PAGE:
Food safety is a area concerned with handling, preparation, and storage of food in ways that prevent food borne illness. This includes a number of measures that should be followed to avoid potentially severe health hazards. Food can transmit disease from person to person as well as serve as a growth medium for bacteria that can cause food poisoning. Genetic food safety include issues like as impact of genetically modified foods on health of future generations and genetic pollution of environment, which can destroy natural biological diversity. There is also evidence that organic food often contains relatively high amounts of natural toxic compounds produced by fungi or plants, whereas corresponding conventional food tends to contain more synthetic toxins such as pesticide residues, toxins and other contaminants and additives. In developed countries there are well defined standards for food preparation, whereas in less developed countries the main issue is availability of adequate safe water, a critical item.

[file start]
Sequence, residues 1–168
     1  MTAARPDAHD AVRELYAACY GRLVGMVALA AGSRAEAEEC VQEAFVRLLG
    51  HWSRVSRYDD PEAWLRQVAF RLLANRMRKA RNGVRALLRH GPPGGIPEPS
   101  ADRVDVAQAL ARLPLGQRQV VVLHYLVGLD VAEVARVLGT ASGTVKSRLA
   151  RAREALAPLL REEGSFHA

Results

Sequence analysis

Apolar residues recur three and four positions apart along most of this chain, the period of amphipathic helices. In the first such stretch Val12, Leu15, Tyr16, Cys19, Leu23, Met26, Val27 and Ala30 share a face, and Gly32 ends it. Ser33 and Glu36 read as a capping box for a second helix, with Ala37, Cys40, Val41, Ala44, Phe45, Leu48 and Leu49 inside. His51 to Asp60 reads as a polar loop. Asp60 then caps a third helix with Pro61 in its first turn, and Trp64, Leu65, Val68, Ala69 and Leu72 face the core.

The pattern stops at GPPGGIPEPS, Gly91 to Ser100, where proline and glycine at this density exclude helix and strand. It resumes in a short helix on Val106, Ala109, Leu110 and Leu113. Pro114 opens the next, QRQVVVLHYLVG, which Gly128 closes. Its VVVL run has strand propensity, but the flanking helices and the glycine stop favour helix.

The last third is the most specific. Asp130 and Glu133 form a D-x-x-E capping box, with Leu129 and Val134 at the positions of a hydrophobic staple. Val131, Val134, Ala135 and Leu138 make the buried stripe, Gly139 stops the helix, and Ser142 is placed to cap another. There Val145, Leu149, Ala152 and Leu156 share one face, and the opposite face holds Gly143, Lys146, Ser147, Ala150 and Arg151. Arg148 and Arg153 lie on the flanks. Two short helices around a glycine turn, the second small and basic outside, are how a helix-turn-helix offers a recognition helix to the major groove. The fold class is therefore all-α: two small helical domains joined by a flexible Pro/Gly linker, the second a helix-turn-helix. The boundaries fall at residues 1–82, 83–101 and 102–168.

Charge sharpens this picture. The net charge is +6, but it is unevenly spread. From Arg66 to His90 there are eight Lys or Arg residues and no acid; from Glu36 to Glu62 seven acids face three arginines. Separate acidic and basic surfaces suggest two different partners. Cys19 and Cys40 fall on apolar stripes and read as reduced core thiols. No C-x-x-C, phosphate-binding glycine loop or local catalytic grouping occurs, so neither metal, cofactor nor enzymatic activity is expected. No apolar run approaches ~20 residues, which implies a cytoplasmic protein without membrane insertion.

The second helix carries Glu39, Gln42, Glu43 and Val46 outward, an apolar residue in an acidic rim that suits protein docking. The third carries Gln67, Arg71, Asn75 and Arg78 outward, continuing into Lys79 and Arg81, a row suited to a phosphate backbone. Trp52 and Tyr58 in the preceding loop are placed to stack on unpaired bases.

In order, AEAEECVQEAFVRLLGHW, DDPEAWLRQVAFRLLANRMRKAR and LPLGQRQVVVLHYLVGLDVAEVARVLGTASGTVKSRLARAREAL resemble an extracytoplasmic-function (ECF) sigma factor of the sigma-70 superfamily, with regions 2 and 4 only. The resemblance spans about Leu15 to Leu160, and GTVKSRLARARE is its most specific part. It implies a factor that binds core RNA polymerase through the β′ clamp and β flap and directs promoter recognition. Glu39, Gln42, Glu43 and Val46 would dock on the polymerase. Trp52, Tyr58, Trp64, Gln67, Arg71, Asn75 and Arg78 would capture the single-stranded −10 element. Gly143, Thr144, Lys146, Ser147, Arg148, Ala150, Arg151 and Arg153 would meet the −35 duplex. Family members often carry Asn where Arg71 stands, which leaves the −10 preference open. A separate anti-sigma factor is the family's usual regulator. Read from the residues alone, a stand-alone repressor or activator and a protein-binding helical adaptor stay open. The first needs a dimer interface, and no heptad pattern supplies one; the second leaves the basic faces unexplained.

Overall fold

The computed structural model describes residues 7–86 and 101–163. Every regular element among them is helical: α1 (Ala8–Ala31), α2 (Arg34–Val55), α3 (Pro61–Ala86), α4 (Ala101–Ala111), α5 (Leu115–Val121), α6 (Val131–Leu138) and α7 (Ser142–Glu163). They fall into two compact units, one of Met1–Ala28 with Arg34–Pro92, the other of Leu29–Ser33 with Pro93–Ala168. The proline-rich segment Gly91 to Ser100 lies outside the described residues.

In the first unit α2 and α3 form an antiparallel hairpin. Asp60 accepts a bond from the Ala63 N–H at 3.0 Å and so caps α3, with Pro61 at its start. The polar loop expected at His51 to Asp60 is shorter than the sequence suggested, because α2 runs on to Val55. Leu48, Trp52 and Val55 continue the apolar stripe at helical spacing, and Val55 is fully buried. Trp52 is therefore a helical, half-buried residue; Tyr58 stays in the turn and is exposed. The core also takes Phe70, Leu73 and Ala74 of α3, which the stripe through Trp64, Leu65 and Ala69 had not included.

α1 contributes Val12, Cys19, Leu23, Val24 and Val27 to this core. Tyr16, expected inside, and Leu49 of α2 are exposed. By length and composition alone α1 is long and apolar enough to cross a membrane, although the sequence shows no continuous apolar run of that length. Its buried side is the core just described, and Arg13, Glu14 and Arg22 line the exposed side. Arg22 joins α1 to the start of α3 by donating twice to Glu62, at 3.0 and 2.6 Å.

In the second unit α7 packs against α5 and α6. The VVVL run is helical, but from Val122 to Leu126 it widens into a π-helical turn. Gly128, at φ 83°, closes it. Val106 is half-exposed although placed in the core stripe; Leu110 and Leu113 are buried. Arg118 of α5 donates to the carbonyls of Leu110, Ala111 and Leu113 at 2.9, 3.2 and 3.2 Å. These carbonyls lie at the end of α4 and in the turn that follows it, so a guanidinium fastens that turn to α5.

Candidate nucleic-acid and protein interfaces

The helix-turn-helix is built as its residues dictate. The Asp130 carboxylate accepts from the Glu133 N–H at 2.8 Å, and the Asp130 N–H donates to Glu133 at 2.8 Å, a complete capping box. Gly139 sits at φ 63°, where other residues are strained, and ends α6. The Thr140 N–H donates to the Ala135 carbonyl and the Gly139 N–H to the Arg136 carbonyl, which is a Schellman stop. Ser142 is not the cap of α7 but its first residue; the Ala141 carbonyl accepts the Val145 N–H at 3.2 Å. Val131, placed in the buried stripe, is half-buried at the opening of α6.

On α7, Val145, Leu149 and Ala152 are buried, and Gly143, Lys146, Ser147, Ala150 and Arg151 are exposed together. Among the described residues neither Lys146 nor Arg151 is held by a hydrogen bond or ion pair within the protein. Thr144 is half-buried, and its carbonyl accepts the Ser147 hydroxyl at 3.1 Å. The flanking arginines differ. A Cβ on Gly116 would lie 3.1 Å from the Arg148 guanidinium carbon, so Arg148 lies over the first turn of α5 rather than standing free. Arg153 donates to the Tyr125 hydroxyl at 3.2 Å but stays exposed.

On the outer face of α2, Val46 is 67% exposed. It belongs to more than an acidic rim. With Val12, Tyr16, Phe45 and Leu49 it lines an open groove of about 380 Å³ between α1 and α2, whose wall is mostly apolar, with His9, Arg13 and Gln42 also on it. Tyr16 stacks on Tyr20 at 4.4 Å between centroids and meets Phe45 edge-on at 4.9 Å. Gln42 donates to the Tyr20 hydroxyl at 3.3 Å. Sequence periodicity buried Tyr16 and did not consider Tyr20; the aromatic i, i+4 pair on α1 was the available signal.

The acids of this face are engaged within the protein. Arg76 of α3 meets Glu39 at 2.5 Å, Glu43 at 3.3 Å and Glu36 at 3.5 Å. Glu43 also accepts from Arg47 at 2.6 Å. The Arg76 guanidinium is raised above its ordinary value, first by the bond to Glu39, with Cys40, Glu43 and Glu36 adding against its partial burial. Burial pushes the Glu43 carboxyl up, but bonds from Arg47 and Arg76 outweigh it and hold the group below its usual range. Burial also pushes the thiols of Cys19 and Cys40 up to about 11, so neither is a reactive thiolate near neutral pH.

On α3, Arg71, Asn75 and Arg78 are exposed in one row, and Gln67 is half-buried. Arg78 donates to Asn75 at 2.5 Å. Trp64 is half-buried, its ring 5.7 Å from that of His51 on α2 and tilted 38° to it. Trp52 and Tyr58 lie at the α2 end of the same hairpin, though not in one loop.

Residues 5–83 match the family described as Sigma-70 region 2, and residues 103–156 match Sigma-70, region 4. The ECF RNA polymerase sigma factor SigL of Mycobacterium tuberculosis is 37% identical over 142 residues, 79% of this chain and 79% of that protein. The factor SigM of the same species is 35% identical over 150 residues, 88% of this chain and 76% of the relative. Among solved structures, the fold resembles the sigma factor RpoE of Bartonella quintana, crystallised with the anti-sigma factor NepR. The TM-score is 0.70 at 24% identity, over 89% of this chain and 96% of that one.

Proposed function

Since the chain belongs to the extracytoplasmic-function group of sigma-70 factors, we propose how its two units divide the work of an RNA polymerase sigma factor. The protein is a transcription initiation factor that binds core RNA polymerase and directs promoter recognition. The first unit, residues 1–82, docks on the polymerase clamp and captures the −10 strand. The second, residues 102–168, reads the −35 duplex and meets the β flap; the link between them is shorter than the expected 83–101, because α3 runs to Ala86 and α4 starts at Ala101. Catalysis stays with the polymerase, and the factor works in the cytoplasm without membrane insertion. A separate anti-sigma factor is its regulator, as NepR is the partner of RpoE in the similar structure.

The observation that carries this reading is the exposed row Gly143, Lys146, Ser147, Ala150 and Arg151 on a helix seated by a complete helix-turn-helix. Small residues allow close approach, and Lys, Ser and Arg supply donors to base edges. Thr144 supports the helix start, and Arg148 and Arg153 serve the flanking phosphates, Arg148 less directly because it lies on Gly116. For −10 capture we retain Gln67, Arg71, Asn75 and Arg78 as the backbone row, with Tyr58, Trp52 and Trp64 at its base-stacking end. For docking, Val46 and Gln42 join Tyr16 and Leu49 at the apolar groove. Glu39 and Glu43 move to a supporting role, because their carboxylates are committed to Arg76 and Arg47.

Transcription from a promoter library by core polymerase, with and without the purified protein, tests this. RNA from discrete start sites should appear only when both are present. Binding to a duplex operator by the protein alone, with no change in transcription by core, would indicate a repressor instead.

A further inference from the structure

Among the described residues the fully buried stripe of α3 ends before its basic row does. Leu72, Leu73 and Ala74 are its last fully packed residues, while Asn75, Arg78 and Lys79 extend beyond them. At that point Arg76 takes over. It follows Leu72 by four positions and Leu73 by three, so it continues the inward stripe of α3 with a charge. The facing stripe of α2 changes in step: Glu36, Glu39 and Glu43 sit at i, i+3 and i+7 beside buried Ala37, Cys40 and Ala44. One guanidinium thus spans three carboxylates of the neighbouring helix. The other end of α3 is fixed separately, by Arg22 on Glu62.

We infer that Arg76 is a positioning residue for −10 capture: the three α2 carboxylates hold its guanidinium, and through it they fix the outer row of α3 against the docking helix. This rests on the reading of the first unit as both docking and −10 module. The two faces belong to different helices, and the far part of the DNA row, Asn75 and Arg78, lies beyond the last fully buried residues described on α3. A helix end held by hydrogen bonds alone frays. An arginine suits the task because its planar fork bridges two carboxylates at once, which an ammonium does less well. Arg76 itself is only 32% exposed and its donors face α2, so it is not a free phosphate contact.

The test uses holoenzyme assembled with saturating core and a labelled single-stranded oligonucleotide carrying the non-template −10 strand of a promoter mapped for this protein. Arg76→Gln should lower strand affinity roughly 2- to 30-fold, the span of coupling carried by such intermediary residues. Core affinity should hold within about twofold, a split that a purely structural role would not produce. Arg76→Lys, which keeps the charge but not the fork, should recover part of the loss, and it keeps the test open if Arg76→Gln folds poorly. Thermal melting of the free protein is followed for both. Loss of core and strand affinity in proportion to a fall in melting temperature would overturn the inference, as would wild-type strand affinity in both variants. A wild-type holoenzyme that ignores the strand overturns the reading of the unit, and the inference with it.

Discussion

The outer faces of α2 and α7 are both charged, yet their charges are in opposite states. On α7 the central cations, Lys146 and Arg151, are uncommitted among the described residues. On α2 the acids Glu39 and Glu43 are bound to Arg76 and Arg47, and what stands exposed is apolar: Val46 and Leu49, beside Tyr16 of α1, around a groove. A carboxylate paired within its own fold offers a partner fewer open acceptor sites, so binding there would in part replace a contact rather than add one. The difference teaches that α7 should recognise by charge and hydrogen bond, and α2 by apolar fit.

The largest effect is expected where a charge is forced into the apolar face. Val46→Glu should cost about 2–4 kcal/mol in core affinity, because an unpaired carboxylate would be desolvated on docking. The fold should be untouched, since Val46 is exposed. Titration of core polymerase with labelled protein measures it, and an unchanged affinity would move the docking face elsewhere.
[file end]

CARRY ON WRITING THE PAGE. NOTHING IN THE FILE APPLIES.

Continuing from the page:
"Food safety" implies absence or acceptable and safe levels of contaminants, adulterants, naturally occurring toxins or any other substance that may make food injurious to health on an acute or chronic basis. Food quality can be considered as a complex characteristic of food that determines its value or acceptability to consumers.
Relationship between lifestyle, food safety, and emerging food borne pathogens
Food consumed is becoming more multinational in origin
Increased availability of fast food
More convenient for individuals and families to eat away from home
Greater risk for developing food borne diseases
Globalization of food supply makes it difficult for traditional regulatory control